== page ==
OC May Day March and Rally in Santa Ana to Happen--When Else?--TOMORROW

Categories: Politics
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The first of May arrives tomorrow and in Santa Ana that has translated over the years into community activists turning out to mark International Workers' Day. With an agenda for social justice, the Orange County May Day Coalition is readying for a march and rally through the city starting at Sasscer Park on the corner of 4th and Ross Street at 2 p.m.

Their demands for this year center on education and immigration with slogans like "Fix the educational crisis!" and "Driver's licenses for all!" Solidarity will also be expressed with Service Employee International Union-United Service Workers West janitors, both local and statewide, whose contract expires today as they seek to maintain fair wages and full family health care benefits.

The multi-pronged approach owes to the diversity of the OC May Day Coalition itself. The umbrella organization is comprised of groups such as Chican@s Unidos, DeColores Queer OC, El Centro Cultural de Mexico, SEIU-USWW, Occupy Santa Ana, and the OC Peace Coalition.

"Last year the coalition worked on the car impound policy change in Santa Ana," says OC May Day Coalition member Yenni Díaz referring to their grassroots victory that provided relief for unlicensed, and often undocumented, drivers at city checkpoints. "This year the coalition asked what could be done to continue helping people in Santa Ana and the community at large. We thought the next logical step to take would be driver's licenses for everyone."

If successful, the effort would not establish a new precedent, but restore an old one. Up until 1993, undocumented immigrants in California were eligible to apply for and receive driver's licenses. The outlook for the coalition is to advocate on the local level while connecting with groups throughout the state working on the same initiative.

Education reform is the other central campaign, with constant budget cuts to all public school systems in California producing what the coalition has deemed a 'state of emergency.' Organizers are honing in on the aftereffects in terms of teacher layoffs, increased class sizes, standardized testing, cuts to summer school and other programs. "With education, we think that is something that can be undertaken locally like with our school boards while identifying it with budget cuts from the state and also with what's going on nationally," Díaz says. "It's multi-tier organizing."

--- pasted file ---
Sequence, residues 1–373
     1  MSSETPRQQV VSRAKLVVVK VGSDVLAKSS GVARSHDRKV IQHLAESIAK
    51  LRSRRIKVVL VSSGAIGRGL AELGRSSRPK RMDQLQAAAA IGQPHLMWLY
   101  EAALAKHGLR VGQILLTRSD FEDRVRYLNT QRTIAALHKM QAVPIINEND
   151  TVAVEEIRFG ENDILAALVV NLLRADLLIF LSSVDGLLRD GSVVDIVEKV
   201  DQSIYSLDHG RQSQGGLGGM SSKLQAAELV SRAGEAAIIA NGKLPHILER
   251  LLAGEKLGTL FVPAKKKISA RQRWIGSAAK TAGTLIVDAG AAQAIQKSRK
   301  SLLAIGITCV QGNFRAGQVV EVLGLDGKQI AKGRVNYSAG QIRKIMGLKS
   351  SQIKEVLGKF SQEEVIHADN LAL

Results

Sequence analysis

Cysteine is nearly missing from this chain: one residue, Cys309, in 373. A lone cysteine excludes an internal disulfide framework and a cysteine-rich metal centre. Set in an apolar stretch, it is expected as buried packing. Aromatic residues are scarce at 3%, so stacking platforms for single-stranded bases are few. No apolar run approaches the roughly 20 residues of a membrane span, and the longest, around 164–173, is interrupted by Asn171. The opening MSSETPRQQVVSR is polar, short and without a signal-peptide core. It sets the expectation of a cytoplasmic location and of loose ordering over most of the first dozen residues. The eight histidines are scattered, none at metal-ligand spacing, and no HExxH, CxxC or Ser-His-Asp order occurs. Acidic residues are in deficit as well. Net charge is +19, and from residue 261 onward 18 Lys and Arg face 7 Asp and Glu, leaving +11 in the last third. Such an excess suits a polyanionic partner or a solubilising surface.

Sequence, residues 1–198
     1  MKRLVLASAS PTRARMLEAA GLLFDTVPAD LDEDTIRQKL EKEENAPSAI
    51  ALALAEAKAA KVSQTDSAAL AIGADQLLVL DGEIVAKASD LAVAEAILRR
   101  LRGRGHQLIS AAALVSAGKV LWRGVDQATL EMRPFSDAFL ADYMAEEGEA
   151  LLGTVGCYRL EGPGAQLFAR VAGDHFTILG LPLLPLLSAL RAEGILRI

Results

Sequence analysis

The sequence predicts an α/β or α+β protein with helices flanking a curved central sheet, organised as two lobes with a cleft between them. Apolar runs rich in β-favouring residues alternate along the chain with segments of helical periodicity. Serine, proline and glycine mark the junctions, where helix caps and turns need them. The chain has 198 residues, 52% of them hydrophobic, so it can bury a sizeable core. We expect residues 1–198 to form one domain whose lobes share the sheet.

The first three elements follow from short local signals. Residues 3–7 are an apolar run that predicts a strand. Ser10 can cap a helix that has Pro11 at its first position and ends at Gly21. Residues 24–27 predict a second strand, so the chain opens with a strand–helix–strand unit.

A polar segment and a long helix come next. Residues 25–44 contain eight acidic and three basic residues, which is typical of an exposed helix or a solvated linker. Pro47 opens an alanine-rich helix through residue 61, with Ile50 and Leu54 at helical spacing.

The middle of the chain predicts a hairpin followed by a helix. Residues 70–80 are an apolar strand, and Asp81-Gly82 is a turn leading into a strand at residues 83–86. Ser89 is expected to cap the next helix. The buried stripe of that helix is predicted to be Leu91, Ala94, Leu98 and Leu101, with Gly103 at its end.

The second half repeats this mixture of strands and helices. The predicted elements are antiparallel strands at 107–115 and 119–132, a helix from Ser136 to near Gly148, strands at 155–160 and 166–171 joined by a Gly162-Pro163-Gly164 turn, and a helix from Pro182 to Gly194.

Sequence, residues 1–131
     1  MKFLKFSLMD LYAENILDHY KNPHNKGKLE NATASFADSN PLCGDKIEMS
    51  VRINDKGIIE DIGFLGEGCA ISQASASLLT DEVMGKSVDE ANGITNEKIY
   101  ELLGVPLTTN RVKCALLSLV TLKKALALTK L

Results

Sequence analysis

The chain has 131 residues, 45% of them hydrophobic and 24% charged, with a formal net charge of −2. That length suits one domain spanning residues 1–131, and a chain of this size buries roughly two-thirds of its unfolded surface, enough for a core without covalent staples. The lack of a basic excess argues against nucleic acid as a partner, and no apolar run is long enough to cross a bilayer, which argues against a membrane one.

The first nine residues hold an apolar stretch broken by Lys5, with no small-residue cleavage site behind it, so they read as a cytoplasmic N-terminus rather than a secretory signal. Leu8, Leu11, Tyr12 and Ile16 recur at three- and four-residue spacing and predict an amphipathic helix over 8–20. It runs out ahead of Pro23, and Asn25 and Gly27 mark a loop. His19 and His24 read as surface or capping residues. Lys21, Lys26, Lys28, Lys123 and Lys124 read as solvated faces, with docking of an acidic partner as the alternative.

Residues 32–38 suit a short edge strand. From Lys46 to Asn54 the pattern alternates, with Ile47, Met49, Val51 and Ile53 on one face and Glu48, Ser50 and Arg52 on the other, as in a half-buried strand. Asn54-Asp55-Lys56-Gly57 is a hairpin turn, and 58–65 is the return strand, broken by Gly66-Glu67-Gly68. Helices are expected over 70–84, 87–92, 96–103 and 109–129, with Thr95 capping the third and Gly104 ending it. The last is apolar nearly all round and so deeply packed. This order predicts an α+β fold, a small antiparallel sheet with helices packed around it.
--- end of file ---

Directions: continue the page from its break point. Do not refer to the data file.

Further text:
Much has changed since tens of thousands marched through the streets of Santa Ana back in 2006 challenging HR 4437, also known as the notorious anti-immigrant Sensenbrenner bill. The federal DREAM Act hasn't come to pass into law in that time span and the Obama administration has not only failed to deliver promised comprehensive immigration reform, but has actually ratcheted up deportations.

"Although there is a movement nationally to push for immigration reform, we realized in the meantime what we can do locally," Díaz says of the activist focus of OC's march and rally over recent years. "May Day is a time where people can come together, share and collaborate on what they are working on."

With the action falling on a Tuesday afternoon, organizers are expecting a modest turnout numbering in the hundreds. The demonstration will kick off after initial programming slated for 2 p.m. Activists plan to return to Sasscer Park around 5 p.m. for a rally, so those who don't take the day off can still show up and participate.

'May the first' be with you!

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11 comments
Dave